But if you shot that same rabbit with a Ruger 10-22, you have this little hole and the rest of the meat and hide, bones, and other parts would be intact and usable for food, part of a warm jacket (you'd need a few more rabbits, maybe a dozen or so to make a decent fur coat). But you'd get a good meal out of it.

Showtalk
Host

From: Showtalk 

11/3/20

I don’t know much about hunting but don’t they usually use traps when they can?

Well, generally trapping involves a LOT more bureaucracy and paperwork. But if you are in a subsistence situation, traps are a heck of a lot less noisy and far less noticeable, thus preferred as a silent way to procure food.

Post-apocalypse 101 survival:
Learn to make snares and other primitive wild critter capture devices that are easily concealed, silent, and gather you food and pelts even when you are sleeping or eating or otherwise occupied with other tasks.

Silent, they don't attract the attention of or draw herds of walkers, so in that kind of zombie apocalypse, you won't have the usual roving gangs of looters and opportunists show up at your doorstep, or the much harder to dispatch undead.

And pre-apocalypse, they don't leave the kind of paper trail that firearms can leave, plus they don't require expending scarce and expensive ammunition, which might be impossible to replenish post-apocalypse.

Snares can be made from almost anything - from woven vines to steel aircraft cable to scavenged electrical wiring from the ruins of a vacant structure once the electric grid has gone down and unlikely to ever come up again as we know it.

With a good fraction of the population dead and gone, and thus far less competition for resources, one could just quietly live off of the rebounding wildlife once most of the humans are gone.

Depending on what kind of apocalypse occurred, the wild game either will be quite edible and useful to make clothing, tools, etc. much as Native Americans did for thousands of years before the Conquistadors arrived like aliens swarming in their vastly superior technologies and diseases which wiped out far more than were destroyed by conquest and enslavement.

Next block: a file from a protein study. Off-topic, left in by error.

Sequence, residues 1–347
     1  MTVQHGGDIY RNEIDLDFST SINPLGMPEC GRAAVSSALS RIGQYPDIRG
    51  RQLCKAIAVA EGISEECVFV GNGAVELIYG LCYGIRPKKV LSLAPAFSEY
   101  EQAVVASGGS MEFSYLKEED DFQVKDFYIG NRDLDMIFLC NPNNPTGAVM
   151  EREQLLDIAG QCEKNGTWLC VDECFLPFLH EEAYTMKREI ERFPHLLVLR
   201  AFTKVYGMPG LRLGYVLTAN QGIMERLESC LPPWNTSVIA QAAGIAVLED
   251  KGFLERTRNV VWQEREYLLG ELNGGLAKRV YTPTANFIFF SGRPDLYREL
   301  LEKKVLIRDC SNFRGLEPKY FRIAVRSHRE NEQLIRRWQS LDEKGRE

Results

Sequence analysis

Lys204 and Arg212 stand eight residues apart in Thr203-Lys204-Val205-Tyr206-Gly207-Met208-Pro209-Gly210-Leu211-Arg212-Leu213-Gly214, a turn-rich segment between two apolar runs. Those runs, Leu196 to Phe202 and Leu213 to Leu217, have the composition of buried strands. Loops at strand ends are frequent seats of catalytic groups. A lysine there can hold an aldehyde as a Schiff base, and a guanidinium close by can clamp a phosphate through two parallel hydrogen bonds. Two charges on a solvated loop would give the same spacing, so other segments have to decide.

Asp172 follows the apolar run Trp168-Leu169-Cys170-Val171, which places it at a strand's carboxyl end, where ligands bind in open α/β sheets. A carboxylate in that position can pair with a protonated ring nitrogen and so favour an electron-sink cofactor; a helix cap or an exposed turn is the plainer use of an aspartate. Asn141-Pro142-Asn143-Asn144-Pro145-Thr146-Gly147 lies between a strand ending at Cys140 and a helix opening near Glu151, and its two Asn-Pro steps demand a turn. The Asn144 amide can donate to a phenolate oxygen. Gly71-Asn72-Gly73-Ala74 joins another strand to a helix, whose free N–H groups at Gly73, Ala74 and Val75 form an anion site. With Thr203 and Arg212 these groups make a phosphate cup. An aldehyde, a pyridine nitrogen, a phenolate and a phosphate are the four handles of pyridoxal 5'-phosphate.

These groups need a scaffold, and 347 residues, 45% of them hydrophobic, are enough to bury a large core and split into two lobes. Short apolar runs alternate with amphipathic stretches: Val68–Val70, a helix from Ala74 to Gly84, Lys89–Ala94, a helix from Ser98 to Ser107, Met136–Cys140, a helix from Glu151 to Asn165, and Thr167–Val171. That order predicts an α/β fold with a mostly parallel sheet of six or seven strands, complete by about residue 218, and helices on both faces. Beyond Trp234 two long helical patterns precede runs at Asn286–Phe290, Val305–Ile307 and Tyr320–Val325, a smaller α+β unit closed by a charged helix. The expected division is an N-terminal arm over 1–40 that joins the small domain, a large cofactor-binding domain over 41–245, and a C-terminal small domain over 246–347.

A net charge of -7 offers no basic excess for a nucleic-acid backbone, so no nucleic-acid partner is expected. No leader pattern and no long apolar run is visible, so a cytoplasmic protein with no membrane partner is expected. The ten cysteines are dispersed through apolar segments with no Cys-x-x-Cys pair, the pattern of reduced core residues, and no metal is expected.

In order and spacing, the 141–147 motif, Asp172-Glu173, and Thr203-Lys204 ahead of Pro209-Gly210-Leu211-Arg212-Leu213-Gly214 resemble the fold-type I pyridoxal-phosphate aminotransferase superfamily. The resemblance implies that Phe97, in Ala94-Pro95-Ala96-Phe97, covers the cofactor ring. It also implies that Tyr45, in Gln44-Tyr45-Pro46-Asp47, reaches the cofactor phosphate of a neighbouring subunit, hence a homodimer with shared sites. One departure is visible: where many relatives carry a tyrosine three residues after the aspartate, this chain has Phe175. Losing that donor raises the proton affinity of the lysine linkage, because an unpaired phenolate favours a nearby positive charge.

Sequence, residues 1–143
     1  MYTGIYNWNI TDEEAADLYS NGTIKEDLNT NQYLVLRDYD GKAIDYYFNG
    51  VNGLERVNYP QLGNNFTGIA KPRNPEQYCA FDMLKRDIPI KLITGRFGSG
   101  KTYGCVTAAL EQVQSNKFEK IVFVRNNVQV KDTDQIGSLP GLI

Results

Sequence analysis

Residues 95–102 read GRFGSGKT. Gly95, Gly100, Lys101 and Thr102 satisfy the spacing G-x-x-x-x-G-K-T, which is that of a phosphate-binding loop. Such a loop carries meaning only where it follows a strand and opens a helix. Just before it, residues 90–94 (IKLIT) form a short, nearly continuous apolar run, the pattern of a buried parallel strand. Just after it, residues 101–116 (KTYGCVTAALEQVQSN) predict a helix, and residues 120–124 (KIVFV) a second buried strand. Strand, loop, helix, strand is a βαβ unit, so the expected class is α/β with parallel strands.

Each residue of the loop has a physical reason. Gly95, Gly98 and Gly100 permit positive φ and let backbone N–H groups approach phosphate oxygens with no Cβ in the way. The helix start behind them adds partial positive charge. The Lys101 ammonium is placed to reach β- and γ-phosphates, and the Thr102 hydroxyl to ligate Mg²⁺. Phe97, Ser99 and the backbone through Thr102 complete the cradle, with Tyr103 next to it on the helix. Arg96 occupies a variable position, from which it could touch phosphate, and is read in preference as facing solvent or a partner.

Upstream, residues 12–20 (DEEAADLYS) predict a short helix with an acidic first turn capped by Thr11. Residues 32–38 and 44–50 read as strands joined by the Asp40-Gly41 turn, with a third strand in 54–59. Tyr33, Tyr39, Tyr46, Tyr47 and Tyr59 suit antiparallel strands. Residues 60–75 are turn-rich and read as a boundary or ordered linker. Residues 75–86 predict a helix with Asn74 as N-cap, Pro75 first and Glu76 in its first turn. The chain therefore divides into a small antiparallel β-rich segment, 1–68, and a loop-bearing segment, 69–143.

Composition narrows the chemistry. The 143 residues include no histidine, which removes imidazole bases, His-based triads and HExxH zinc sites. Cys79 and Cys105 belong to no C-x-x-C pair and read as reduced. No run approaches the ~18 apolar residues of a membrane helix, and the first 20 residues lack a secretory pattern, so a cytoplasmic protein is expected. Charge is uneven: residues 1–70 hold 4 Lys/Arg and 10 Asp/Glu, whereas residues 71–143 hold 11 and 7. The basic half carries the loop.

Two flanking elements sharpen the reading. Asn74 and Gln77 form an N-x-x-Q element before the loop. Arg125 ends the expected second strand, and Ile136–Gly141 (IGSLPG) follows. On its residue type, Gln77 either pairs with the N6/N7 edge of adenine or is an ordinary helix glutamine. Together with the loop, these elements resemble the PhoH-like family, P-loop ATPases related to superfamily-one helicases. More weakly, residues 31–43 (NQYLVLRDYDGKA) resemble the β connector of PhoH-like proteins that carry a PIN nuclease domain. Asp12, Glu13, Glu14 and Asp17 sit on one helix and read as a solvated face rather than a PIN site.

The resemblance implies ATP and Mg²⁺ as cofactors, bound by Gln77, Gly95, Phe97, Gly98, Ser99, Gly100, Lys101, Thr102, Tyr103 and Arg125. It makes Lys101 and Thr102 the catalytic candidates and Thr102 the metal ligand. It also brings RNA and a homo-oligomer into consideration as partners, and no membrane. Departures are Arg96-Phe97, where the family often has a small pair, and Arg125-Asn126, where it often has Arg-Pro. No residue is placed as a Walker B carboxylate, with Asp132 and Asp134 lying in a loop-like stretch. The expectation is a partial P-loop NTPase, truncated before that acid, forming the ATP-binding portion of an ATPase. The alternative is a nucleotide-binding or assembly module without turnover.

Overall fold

But one place where wildlife has proliferated that you probably wouldn't want to eat unless you like getting cancer and other internal radiation borne injuries, is around Pripyat, in the Chernobyl Exclusion Zone. So if the apocalypse was caused by a nuclear war, you absolutely also need to know how to build improvised ionizing radiation detectors.

While radiation is invisible, means to detect it has been around for at least a century and a half. Most of these exploit how charged particles and high energy photons strip electrons from atoms in the air, producing tiny channels of plasma that let static electric charge bleed off very fast.

This is also exploited with thorium infused tungsten inert gas rods for welding metals like aluminum and magnesium. The thorium emits low levels of radioactivity which helps lower the electrical breakdown threshold of the air, making it easier to strike the initial arc at much lower voltages and sustain it while welding.

Other radioactive isotopes were used up through the 1970s in carbon fiber brushes used on high end phonograph tone arms. The radiation would cause static charge to bleed off of the vinyl records, releasing dust which the brush could then easily remove from the grooves before the stylus passed over them creating crackles and pops and actually welding the tiny particles into the vinyl.

Thus records played on these high end record players lasted longer.

Some of these even had radioactive sources in the turntable platter, and in a "bridge" of fine brush bristles that would gently ride on the record as it turned. These bristles contained an alpha emitter, which only strike the surface of the vinyl or penetrate a few microns, and continuously prevent static electricity from building up by providing discharge paths for stray electrons that would otherwise build up.

Showtalk
Host

From: Showtalk 

11/8/20

What about radon gas? There was a big scare about that online at one time, then it fizzled out.